I feel so strongly that you're so wrong about your belief that "Life of Pi" will probably not be nominated for Best Picture at the Oscars that I pose this bet: a Sour Cream Apple Walnut Pie from the Little Pie Company in Manhattan.
It's so yummy that it's their #1 best-seller and the perfect way for either of us to savor the satisfaction of being right. Do you accept the wager, m'friend?
"I must confess that I am skeptical about its Oscar prospects," you wrote last week at Hollywood Reporter. "While it looks to be a strong below-the-line contender, I'm not sure that I see it contending strongly in the higher-profile categories. To my eye it is, frankly, uneven -- its pacing is off, it feels too long, and its third-act twist is something between confusing and aggravating. I suspect that those who check it out will, by and large, come away from it feeling respect more than passion, which is the key to cracking into the best picture race under the new voting system (as opposed to the old one which rewarded widespread support). In short, I think it will face an uphill climb for best picture, best director, and best adapted screenplay noms."
While I'm sure, Scott, that some academy members will share your view of "Life of Pi," quite a few will feel the same way I did after seeing it: knocked out, dazzled and amazed. I think it's not only one of the best films of 2012, but one of those films for the ages.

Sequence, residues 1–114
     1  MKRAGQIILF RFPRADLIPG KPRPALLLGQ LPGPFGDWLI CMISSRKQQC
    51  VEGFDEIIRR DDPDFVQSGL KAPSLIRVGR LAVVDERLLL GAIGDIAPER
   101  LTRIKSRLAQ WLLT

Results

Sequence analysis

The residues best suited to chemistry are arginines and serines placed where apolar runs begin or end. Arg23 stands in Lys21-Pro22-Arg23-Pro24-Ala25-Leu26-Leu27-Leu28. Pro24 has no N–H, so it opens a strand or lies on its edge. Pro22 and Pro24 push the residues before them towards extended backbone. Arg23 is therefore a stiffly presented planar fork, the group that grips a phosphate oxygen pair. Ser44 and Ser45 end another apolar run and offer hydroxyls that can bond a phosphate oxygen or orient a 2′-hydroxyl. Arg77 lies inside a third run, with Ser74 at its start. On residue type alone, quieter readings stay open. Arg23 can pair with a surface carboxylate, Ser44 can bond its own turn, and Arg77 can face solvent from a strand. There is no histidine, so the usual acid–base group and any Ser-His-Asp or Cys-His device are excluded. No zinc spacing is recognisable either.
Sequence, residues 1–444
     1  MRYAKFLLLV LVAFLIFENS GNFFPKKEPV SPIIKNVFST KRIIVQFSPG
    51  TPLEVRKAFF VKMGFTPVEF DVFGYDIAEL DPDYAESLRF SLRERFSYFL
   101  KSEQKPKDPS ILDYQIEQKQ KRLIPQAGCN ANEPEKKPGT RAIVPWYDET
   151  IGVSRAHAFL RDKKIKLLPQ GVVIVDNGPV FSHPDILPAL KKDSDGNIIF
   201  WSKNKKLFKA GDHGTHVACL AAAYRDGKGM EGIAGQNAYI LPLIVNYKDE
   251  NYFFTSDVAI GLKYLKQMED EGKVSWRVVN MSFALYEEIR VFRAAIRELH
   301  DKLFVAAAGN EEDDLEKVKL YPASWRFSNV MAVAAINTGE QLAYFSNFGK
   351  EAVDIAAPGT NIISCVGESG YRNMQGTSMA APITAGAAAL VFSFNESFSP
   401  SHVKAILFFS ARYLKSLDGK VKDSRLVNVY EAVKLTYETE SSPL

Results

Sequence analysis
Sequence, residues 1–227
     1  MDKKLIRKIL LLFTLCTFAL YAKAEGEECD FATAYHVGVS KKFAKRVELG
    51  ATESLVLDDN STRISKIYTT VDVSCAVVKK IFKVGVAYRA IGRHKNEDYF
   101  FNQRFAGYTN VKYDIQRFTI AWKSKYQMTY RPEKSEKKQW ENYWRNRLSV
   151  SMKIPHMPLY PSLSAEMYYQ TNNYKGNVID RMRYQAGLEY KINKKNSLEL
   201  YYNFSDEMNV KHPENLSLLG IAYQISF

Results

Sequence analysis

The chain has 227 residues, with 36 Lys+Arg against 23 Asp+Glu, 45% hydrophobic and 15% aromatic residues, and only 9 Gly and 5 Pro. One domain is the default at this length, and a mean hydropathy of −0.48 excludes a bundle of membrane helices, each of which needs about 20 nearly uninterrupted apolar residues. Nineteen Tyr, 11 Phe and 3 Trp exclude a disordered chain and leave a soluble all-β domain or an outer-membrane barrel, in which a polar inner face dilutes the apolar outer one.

Some of our other Oscar bloggers were also wowed. Sasha Stone (Awards Daily) even believes "Life of Pi" has greater Oscar potential than a mere Best Pic nomination. "Right now I feel like three films can win: 'Argo,' 'Silver Linings' and 'Life of Pi,' she asserts. "'Life of Pi,' 'Beasts of the Southern Wild' and to an extent, 'Silver Linings' are all films that pack an emotional punch. One should never count out films that do that, even if they are roasted by the critics — take 'Extremely Loud,' for example."
Anne Thompson (Thompson on Hollywood) calls "life of Pi" "a leading contender for Oscars," adding, "This movie will play for critics, audiences and awards givers all over the world. It has the right elements: globally popular literary source (7 million copies sold); heart-warming family story from an A-list Oscar-winning director ("Brokeback Mountain"); and epic VFX."
Passion, as you note, Scott, is "the key to cracking into the best picture race under the new voting system" and you're right. It's all about nabbing those number-one votes and "Pi" generates extremely strong passions in many viewers. Like me. And I think it will resonate particularly well with Hollywooders, who are famously smitten with Asian philosophy and spiritualism. And with Ang Lee, who's delivered two strong Best Picture nominees in the past: "Brokeback Mountain" (2005) and "Crouching Tiger, Hidden Dragon" (2000).
I look forward to receiving the Sour Cream Apple Walnut from you, Scott, and I hope you'll sit down with me and share a few slices after Jan. 10 when we can dish which nominee can actually WIN.